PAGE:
Karela Fry

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Marketing nostalgia

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The Atlantic reviews a book:

Early in Retromania, Simon Reynolds’s recent compendious and slightly nauseating (in a good way) account of pop-cultural backward-looking, the author visits 315 Bowery—once the site of the punk club CBGB, now a John Varvatos clothing boutique. Reynolds is on the heritage trail: he’s already been to the British Music Experience in London (“giant-size cutouts of Jarvis Cocker and Dizzee Rascal”) and Cleveland’s Rock and Rock Hall of Fame and Museum, where he gazed in discomfiture upon a single severed dreadlock from the head of Bob Marley. Now he’s on the Bowery to see the reunited New York Dolls, more than three decades after their heyday, perform inside the Varvatos store. A nightmarish sense of recursion enters the narrative as he looks around at his fellow attendees and sees “faces that seemed vaguely familiar from rock documentaries.”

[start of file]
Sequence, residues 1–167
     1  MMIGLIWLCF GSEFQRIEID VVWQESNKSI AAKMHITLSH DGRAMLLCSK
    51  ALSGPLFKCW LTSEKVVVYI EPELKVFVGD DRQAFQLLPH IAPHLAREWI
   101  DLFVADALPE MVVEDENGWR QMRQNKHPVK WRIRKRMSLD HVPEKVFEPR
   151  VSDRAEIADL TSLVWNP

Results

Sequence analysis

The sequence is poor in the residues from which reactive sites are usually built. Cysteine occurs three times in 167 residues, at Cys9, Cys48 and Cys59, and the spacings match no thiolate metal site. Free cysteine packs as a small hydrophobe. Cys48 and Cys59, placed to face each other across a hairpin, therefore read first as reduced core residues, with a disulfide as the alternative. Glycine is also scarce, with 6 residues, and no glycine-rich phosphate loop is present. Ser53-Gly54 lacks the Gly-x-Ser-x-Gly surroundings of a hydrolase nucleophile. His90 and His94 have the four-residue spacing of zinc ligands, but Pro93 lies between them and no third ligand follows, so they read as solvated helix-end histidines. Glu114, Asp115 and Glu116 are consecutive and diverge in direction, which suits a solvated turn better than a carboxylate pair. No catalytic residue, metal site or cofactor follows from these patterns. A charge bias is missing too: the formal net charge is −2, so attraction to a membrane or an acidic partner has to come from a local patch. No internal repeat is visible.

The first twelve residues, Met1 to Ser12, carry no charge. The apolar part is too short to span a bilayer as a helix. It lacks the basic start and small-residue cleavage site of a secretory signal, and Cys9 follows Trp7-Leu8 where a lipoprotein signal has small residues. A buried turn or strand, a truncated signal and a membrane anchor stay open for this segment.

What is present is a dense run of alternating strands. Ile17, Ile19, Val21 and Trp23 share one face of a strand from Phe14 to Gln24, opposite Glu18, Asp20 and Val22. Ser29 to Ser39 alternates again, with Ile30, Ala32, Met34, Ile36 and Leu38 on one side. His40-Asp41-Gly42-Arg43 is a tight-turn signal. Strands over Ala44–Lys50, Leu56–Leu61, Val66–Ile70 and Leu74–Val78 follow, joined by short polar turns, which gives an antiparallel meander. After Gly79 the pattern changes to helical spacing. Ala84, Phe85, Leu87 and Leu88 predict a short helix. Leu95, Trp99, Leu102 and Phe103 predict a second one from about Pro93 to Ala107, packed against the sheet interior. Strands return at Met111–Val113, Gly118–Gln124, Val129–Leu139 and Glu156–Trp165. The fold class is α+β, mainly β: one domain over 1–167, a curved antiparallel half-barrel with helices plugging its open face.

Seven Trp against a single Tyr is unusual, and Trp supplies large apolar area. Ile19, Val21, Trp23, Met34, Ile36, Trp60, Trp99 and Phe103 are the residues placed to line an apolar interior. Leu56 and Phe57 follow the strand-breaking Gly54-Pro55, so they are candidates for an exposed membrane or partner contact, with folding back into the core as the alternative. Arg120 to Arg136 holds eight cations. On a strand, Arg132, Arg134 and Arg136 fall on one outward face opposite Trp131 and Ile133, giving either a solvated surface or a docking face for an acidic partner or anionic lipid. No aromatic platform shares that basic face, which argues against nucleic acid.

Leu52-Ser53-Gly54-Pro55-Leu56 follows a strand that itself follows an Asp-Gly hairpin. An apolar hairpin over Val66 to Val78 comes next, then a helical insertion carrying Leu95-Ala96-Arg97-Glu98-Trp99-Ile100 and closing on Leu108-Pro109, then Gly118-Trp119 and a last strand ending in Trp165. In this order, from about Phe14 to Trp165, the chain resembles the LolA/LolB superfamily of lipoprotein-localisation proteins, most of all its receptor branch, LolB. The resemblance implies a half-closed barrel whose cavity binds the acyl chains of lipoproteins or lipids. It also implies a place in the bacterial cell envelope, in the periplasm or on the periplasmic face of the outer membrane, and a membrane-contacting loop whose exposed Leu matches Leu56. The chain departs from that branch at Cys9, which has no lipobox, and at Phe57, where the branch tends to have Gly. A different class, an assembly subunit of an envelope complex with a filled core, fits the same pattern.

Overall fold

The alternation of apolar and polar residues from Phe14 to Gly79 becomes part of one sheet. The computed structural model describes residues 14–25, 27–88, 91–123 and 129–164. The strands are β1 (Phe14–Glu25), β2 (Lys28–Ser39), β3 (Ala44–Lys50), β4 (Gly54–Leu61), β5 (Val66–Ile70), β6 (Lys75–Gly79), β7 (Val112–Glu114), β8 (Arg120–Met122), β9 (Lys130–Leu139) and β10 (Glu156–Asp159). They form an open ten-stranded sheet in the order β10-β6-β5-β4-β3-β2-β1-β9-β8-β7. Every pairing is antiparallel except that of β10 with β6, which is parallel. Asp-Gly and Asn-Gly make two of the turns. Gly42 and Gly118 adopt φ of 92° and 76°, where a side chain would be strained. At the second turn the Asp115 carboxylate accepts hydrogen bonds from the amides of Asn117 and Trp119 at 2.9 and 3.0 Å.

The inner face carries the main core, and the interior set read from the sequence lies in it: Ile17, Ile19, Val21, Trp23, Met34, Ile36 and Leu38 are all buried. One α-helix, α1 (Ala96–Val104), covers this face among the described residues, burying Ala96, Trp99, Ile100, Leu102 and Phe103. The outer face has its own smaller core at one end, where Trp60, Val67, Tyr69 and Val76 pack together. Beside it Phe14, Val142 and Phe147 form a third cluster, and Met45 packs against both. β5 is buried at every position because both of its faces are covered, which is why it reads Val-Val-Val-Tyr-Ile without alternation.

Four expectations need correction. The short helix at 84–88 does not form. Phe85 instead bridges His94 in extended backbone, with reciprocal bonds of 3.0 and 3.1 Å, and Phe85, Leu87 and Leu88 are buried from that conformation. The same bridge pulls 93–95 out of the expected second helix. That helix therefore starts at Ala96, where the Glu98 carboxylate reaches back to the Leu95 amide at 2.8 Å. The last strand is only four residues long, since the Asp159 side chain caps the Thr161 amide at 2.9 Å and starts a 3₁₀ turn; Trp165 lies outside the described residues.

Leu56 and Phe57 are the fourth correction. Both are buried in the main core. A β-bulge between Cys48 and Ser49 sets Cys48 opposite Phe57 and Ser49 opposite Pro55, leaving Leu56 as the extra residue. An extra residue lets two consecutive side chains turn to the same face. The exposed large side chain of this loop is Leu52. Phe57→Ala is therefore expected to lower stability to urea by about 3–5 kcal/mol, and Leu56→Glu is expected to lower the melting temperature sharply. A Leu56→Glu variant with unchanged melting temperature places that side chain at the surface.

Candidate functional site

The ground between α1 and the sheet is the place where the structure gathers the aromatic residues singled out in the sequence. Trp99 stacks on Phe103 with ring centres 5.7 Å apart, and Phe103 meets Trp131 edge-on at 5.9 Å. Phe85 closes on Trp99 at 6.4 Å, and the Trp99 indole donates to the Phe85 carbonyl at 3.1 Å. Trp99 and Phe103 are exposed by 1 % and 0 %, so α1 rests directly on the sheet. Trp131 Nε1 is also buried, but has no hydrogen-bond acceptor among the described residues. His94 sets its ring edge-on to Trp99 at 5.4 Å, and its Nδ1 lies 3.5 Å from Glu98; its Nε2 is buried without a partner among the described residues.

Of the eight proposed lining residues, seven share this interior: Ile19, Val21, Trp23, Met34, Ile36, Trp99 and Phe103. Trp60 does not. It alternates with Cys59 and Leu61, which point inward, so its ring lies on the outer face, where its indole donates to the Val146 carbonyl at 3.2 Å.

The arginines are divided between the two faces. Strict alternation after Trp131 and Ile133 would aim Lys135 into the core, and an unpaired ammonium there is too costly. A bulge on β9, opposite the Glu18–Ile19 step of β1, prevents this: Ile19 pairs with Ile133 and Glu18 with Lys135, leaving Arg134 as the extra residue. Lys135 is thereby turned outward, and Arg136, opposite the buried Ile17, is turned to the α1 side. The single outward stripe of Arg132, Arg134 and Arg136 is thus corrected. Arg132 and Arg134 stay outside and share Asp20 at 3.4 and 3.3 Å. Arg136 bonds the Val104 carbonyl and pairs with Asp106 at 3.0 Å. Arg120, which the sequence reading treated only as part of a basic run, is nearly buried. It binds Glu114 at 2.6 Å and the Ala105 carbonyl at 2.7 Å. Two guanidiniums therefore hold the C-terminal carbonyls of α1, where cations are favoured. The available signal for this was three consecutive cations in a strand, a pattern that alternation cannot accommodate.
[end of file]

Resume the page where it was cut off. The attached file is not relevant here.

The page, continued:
Did I say “backward-looking”? That’s not quite right. Here Lot’s wife joyously turns into a pillar of salt, and Orpheus is not so much peeking over his shoulder as marching, lyre adangle, right back into the underworld. Retromania is Reynolds’s term for our obsession with, or enthrallment by, the recent past, and in marshaling his materials he instances—among other retrocities—retro porn, retro ringtones, and a Pret A Manger sandwich called “Retro Prawn on Artisan.”

Retro is a product of corporations which own large parts of culture trying to sell old stuff over and over again. It is an all profit venture provided no one else can cut into the same market. This is the reason for the strange developments in copyright laws.


Written by Arhopala Bazaloides

September 24, 2011 at 4:01 am

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